Transparency and trust: the secrets of selling successfully to digital natives

In order to appeal to the growing number of Australians whose lives are centred in the digital realm, brands may need to fundamentally rethink marketing strategies and the way data is used. Lauren Vaccarello writes about the growing importance of trust and transparency.

Do you know people who couldn’t go days or even hours without posting an update on their life to their Facebook, Twitter or Instagram profile? In 2020 Australia, these data savvy, digital-centric individuals are increasingly becoming the norm. Latest research suggests 85 percent of Australians aged over 13 have active social media accounts and they spend an average of an hour and 47 minutes a day on them. When they are not on social media, they remain connected with the world by surfing the net on their mobiles and tablets.

Capitalising on the data deluge

A life lived online generates plenty of data – about individuals’ ages and stages in life, their hobbies and interests, likes and dislikes and consumption patterns.

This wealth of information can be a boon for marketers, provided they’re prepared to tread carefully, not alarm consumers by crafting campaigns that make it all too clear their personal data has been exhaustively analysed. It can be a fine line, but the good news is that a growing number of customers expect and welcome a circumspect level of profiling and personalisation.

At a 2019 forum sponsored by Marketing and Spotify, American Express Australia’s vice president of brand, charge cards and member experience, Naysla Edwards, noted customers’ enthusiasm for products and services sent their way as a result of personal data analysis. “I’m a firm believer that if you bring utility to consumers and if you use their data to provide a service or benefit to them, everyone will sign up for it,” Edwards told the audience.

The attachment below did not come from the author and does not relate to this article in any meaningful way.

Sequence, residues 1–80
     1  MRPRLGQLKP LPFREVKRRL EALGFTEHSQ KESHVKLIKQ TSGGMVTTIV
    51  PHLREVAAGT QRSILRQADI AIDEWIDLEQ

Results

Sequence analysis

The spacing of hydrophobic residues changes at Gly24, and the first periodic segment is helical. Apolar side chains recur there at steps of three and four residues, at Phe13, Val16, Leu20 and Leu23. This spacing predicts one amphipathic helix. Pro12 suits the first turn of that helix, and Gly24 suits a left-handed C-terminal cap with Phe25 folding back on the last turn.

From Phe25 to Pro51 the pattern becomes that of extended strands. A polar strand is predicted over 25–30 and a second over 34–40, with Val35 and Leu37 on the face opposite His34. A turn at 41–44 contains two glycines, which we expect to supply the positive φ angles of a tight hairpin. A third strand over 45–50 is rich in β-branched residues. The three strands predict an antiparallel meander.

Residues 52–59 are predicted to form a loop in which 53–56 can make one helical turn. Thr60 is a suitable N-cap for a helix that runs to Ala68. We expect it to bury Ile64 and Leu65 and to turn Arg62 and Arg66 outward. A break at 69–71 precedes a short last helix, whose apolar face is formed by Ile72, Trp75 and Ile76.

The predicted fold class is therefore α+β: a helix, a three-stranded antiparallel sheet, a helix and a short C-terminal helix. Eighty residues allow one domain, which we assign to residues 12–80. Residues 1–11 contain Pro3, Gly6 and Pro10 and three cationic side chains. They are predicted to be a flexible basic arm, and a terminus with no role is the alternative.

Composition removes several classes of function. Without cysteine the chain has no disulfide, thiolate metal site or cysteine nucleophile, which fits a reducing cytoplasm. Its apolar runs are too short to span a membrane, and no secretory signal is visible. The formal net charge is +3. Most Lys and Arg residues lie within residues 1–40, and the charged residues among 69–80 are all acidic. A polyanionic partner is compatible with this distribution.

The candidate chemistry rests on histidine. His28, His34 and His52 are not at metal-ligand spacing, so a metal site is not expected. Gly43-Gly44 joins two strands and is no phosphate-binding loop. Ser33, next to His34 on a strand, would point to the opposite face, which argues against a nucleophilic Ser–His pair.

“For me, the personalisation, utility and benefit that we provide the consumer will make that data exchange relevant and build trust.”

Trust and trustworthiness

The latter is critical, and it can’t be taken for granted. When marketing to digital natives, pushing an appealing product or service is not enough. As consumers, they put themselves out there, offering a wealth of information about themselves, directly to the businesses they deal with and via the public domain.

They have a growing expectation that businesses will do same; creating strong online brand identities and being open and transparent about their corporate practices and behaviours, including their hiring policies, corporate responsibility programs and the way they invest their funds.

We see digitally driven brands like loo paper start-up Who Gives a Crap, using their website and social media to share details about their employment ethos, their multi-million-dollar donations to charity and their clean and green credentials. It’s not necessarily the way toilet paper was sold ‘back in the day’ but it’s a way that works today, for digital natives who want to see that the trust they’ve placed in an organisation is repaid in kind.

It’s also the reason digital companies that encourage consumers to rate and review their offerings online – think Airbnb, Yelp and homegrown tradie and odd jobs marketplaces Hipages and Airtasker, to name a few – continue to go from market leader to market leader.

R-E-S-P-E-C-T – find out what it means to them

Conversely, there’s nothing that will turn digital natives off your brand faster than the knowledge that their personal data has been treated with disrespect. Store it insecurely so it becomes exposed in a data breach, use it to spam them continually with inappropriate or intrusive messages or allow it to be accessed by a third party without their say-so and you’ll likely kiss their customer goodbye, for good and all.

And it’s unlikely they’ll go quietly. Thanks to the reach and immediacy of social media, digital natives who want to express their displeasure can very quickly put a dent in your brand that can be hard to repair.

Keeping the customer satisfied

We’re living in unprecedented and challenging times. What Australia’s post-pandemic social and business landscapes will look like is far from clear but one thing seems certain: businesses and brands will have to work harder than ever to earn and retain consumers’ custom and loyalty, given the deepening recession Australia now finds itself in. Digital natives represent a significant economic force and using data to shape smart, sensitive and relevant campaigns and offers will be imperative for companies that want to survive and thrive in this tough new world.

Lauren Vaccarello is the CMO at Talend.

Photo by Haneen Krimly on Unsplash.